The hut is phenomenally cold! It was built and designed in Australia. Every aspect of it seems to shed (rather than keep) heat. The hut has a peaked roof, something like a false ceiling, that traps heat above the head of anyone who might be in the hut, and it is light colored. These heat reducing features are probably very handy if you live in the Australian outback, but in Antarctica it meant that the hut was primarily used for storage and emergency shelter. It was just too cold to stay inside very long!
One of my friends here is a hut guide… so she borrowed the key and we braved the cold to see the hut. It was amazing. The hut was pretty sparse (and cold), but there were lots of artifacts from Scott’s ultimately failed quest to be the first man to reach South Pole. The Hut is protected as a Historic Site and Monument under the Antarctic Treaty. It has been restored, to reflect the its condition when it was abandoned. There are seal carcasses under the awning.
There is a pantry filed with meats from home (mutton, maybe some pork), assorted clothing items, tools, you know what you would expect in a storage shed/emergency shelter. The place had a the smell of long dead seal. In addition to those outside, there were chunks of what was presumably seal meat and blubber inside. When in use, the hut was heated by burning seal blubber. Over a hundred years later and the smell is still there.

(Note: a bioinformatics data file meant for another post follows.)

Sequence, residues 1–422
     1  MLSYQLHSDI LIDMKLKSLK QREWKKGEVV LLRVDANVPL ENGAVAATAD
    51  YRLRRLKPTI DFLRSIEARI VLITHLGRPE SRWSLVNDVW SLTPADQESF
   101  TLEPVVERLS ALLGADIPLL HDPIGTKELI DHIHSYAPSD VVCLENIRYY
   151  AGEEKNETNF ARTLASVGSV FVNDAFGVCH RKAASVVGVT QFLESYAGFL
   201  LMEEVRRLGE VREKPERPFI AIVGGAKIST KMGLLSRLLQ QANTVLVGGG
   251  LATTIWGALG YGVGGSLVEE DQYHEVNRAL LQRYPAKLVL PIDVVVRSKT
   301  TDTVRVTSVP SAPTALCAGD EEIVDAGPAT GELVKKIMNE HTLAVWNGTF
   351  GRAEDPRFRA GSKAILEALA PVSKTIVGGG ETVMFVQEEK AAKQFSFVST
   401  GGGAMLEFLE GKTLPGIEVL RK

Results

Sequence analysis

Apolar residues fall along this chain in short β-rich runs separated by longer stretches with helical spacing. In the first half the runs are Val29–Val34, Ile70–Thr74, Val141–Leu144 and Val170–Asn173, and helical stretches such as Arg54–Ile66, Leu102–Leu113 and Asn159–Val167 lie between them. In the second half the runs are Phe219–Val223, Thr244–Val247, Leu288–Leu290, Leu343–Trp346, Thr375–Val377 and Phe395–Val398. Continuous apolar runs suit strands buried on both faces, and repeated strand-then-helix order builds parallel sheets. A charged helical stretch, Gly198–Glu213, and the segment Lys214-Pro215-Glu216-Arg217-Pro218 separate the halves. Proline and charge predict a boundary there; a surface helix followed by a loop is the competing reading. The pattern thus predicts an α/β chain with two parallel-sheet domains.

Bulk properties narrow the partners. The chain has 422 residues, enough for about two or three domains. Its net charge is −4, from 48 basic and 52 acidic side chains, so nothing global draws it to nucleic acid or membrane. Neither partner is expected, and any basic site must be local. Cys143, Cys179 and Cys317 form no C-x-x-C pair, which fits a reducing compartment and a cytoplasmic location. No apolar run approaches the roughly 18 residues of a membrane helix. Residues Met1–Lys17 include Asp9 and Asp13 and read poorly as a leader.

Erected near the Hut is the Vince Memorial Cross. The cross honors George T Vince who was the first man to die in McMurdo Sound. He got lost and was wandering during a storm. He slipped off the edge of the cliff and into the sea ice. His body was never found.
I also had a chance to climb up Ob Hill. Ob Hill was used by Scott’s expeditions to navigate their way back to McMurdo Sound. It too is topped by a memorial cross. This one honoring those who died during Scott’s final and fatal attempt to reach the South Pole. The view atop Ob Hill is amazing!